The Ecotechnic Future has ratings and 28 reviews. Ted said: A hard book for me to review, so I’m going to put it off for awhile. The book is just ful. Get the The Ecotechnic Future at Microsoft Store and compare products with the latest customer reviews and ratings. Download or ship for free. Free returns. The industrial age made possible by fossil fuels will surely decline as these fuels run out. In The Ecotechnic Future John Michael Greer alerts the listener to.

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New Society Publishers — Oct.

John Michael Greer Looks Forward to Our Ecotechnic Future

John Michael Greer has officially established himself as an institution within the peak oil community. Truly one of the finest minds working on the predicament of modern-day industrial civilization, ecotecgnic is so well-read in so many fields that he regularly gains access to insights that utterly elude his contemporaries.

For this he is treasured by a growing number wcotechnic loyal readers—and, I suspect, hated by equally many fellow bloggers who wish that they could be half as good. For example, his previous book on peak oil, The Long Descentshowed how believers in perpetual progress and prophets of imminent doom alike are sadly off the mark in their notions about the future.


Instead, our society will likely decline slowly and unevenly over many decades, the way that the Maya, the Roman Empire and other past civilizations have done before ours. In contrast, the ecotechnic society that Greer sees as the inevitable successor to abundance industrialism is one that relies wholly on renewable energy resources, and that places a premium on using them as efficiently as possible at the expense of reduced access to goods and services.

Review: The Ecotechnic Future by John Michael Greer – Resilience

But Greer regards efforts to establish an ecotechnic society right in the here and now as misguided. Then, once scarcity industrialism and the salvage society have cuture themselves out, an ecotechnic society can slowly begin to take root. In The Ecotechnic FutureGreer appropriates terminology from a variety of disciplines, including ecology, anthropology, evolutionary biology, the history of ideas and the s appropriate technology movement.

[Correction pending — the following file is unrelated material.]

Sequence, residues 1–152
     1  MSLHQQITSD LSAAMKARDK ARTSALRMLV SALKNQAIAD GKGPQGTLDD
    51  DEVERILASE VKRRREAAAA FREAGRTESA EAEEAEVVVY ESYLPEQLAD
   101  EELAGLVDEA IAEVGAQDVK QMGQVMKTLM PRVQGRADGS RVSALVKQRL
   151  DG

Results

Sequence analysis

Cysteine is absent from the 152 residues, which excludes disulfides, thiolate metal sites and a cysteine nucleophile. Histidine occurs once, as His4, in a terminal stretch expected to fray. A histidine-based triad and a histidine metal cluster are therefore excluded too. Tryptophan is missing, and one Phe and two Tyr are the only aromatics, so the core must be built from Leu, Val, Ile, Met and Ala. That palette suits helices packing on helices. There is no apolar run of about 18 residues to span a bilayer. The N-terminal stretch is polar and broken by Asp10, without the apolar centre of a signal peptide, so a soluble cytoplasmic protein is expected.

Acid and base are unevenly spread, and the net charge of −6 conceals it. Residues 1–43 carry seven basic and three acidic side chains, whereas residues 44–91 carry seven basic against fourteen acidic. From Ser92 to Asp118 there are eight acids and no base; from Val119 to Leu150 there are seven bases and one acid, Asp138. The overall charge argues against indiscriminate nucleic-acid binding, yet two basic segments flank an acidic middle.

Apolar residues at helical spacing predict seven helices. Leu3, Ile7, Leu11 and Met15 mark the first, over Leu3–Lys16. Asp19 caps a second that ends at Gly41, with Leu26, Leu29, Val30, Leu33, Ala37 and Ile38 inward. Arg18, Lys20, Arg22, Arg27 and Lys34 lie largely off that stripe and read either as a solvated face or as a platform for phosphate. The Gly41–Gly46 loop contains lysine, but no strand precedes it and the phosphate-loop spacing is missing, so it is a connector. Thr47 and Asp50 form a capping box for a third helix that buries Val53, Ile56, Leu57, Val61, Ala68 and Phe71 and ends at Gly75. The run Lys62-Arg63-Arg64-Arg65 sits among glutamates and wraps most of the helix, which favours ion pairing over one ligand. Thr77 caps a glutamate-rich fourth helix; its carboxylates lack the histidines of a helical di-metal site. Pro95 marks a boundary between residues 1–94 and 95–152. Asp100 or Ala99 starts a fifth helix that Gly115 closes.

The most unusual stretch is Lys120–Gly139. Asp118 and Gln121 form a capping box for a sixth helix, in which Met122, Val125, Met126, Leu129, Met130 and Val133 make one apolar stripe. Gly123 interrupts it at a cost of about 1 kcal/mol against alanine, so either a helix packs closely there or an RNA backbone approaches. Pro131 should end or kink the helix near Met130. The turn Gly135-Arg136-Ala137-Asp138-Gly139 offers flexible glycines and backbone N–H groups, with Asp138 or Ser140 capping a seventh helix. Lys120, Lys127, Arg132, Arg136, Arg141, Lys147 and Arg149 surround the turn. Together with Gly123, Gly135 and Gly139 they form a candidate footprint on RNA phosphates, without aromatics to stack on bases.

He persuasively argues for the need to respond adaptively to the changes ahead, and to encourage people to pursue as many different ideas as possible, rather than formulating a detailed plan of action on which everyone can agree. He reasons that the greater the number of possibilities being investigated at any one time, the more likely edotechnic is to stumble upon something that works.

And he humbly admits that no plans including his own are infallible, and invites readers to dissent from his ideas in favor of pursuing some of futuree own. The only faint complaint I have is that I feel that the book could have been a tad longer, with the extra length being added to the chapters on various aspects of our ecotechnic future.


And Greer is such an engaging writer with so much to say that one looks forward to each new entry with the excitement of the proverbial giddy schoolboy or schoolgirl, as the case may be.

One can never have too much Greer, I say. Those who are already aware of the long, bumpy decline ahead for our civilization, and who want a clearer picture of what to expect, as well as some real, practical responses, will be well-served by reading both The Ecotechnic Future and The Long Descent.

Still, Greer gets credit for being one of the precious few writers today to have undertaken the task of putting modern industrial civilization in its proper historical context—and to truly be gifted enough to do the task justice.

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